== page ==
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ReelTalk Movie Reviews
Love and Death
by Donald Levit

Start time pushed back to discourage young curiosity seekers, In the Realm of the Senses/Ai no Korida/L’Empire des Sens aka Empire of the Senses no longer attracted old ones either. Now one of twenty-two offerings comprising Japan Society’s “twisted, obsessive, heart-blazing” Love Will Tear Us Apart program, three years after Last Tango in Paris, Nagisa Oshima’s 1976 film encountered problems with censors in Germany, Israel, the UK and the US, where its seizure prevented an anticipated New York Film Festival screening. Japan had, and still has, strict public decency laws, necessitating that stock be shipped to France for development and embroiling his country’s New Wave director in years of legal battles for publishing his script.

More explicit in more frames than Bertolucci’s and infinitely superior to Lyne’s (admittedly cut) Nine ½ Weeks, the film is based on a real case of forty years before whose two figures became something of heroes in the nation then militaristic and monolithic.

Indeed, there are those who insist that political statement is behind the whole. That is so but not in the sense they mean: instead, it is sexual politics that is one root, for while the entire relationship is rendered in unsimulated hard-core physical images the man is uniquely as fully displayed as the woman. Male vulnerability in full-frontal nakedness is still taboo, and Oshima objected to what he felt the true obscenity of the “uncut” showing in Japan, a quarter-century afterwards, in which only the female was seen intimately undressed.

Merely three years after IRoS, Tatsumi Kumashiro could be nominated for domestic awards with A Woman with Red Hair, “roman[tic]-porno” which obeyed the code by revealing only female nudity while dealing non-tragically with rape, abandonment of husband and child, unwed motherhood, voyeurism, shared sex partners and nymphomania.

Traced in blood, “Sada and Kichi, just two of us together” comes from the actual 1936 event and rounds out a film and relationship moving toward closure not unrelated to the recent unfortunate end of David Carradine. Male metaphysical poets linked orgasm with death, and some male artists have depicted female sexual consummation as vampirism, so this woman’s ultimate possession of this man is nothing new

The hundred-two minutes is hermetic, as the two lovers seal themselves off within their own sexual frenzy that even shuts out necessary nourishment. Trailing her work as a prostitute, Sada or Osada Abe (newcomer Eiko Matsuda) has trouble swallowing taunts in her waitressing job at an inn which also serves and services patrons upstairs. A philanderer with a wife accustomed to his absences, Kichizo Ishida (Tatsuya Fuji, already established and hesitant about the rôle) comes to the bar on his habitual rounds, and the two click immediately, to move deeper into non-stop sexual gratification, aspects of which some viewers will feel perverse.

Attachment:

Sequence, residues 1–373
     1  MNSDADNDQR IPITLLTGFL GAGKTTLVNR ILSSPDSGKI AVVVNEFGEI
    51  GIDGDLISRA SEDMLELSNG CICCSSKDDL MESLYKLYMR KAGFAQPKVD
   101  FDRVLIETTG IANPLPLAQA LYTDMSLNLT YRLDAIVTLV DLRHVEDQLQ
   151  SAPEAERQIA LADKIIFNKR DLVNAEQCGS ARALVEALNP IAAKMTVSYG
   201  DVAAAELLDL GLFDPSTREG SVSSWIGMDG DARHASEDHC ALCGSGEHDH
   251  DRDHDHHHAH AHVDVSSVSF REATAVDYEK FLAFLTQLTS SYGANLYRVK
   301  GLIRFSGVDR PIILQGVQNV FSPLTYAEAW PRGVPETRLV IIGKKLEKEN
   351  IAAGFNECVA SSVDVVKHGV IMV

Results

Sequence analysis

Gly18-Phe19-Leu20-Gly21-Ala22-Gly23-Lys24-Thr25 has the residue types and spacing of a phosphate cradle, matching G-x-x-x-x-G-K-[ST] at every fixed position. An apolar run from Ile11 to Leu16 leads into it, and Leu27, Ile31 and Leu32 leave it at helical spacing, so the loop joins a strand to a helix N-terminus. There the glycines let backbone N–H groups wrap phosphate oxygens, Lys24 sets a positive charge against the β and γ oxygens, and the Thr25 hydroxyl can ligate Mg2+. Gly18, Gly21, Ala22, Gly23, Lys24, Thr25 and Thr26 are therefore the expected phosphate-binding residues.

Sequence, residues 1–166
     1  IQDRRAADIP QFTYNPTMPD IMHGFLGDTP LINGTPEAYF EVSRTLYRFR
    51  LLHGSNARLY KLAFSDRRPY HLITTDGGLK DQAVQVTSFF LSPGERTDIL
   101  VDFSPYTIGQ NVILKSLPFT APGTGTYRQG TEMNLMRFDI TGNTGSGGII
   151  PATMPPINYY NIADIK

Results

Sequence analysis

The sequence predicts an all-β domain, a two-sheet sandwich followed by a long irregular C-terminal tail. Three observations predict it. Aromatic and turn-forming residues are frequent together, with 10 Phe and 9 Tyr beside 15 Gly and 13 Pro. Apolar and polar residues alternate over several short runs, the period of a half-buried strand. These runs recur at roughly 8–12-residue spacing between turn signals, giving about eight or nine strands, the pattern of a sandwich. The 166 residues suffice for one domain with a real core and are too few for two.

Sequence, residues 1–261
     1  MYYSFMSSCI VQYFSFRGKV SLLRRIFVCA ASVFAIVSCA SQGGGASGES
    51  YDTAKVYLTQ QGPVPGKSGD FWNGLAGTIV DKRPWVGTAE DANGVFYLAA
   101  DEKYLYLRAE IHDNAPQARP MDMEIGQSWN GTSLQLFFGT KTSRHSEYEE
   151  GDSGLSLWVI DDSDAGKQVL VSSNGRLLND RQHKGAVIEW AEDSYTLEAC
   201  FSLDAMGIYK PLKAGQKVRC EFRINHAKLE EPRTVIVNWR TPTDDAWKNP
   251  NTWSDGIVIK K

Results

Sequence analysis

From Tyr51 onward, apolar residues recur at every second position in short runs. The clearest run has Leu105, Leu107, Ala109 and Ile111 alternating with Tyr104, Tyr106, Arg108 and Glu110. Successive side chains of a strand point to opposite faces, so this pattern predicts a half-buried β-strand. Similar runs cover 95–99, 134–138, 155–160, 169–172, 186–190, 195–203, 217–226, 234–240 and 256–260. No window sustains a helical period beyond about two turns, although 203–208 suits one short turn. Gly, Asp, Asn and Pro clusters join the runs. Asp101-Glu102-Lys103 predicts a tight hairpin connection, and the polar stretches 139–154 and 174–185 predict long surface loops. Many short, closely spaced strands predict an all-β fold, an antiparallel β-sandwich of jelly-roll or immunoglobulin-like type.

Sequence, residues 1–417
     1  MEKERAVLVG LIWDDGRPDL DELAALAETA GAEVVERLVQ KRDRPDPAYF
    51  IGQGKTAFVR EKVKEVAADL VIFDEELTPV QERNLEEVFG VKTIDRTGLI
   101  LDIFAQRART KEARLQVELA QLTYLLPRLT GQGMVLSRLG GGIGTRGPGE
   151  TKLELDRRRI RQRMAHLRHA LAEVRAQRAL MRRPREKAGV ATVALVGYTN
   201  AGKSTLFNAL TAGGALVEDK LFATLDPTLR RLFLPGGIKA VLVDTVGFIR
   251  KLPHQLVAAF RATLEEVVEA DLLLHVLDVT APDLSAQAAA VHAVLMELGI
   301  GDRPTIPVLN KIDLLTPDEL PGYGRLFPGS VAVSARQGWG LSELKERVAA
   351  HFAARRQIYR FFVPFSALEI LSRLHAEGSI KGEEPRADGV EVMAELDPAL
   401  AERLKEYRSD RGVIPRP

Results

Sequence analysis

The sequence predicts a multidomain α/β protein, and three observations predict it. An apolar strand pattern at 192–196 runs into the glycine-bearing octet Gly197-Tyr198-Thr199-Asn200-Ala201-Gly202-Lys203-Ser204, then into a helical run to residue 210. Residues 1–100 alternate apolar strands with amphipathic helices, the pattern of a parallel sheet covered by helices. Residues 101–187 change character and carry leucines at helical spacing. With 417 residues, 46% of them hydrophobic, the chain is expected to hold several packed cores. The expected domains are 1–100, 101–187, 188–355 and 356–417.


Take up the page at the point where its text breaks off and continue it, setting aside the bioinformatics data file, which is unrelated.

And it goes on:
Though the film is not static, virtually the whole world becomes a second-inn room, where the couple keep a standing love nest and get “married.” Other people exist only on the periphery, as ignored voyeurs sometimes invited into the lovers’ couplings, from curious virgins to a sixty-eight-year-old samisen instrumentalist. Sada supports their otherwise austere lifestyle by freelancing with a school-principal customer (Kyôji Kokonoe), and Kichi makes occasional perfunctory trips home, but they are alive only when together in a vortex of teasing talk and sex in which the female is equally the alpha and there is a bare suggestion when he dons her kimono.

So removed are they that a few late frames of flag-waving at marching Imperial troops is an excrescence rather than a basis for delusions of political relevance. And a scene in which Sada strums for two naked children and roughly grabs the boy’s genitals -- altered for 1989 UK release -- is a puzzle left dangling.

One way or another sex figures in most Oshima works. This particular consideration of mutual possession which approaches and then transcends death is well-paced and, within story possibilities, -acted as well. If intended as a test of obscenity laws, the tale of transgressive obsession did its work then -- and still does, for no multiplex would dare run it today.

(An Argos Films production; not rated by MPAA.)

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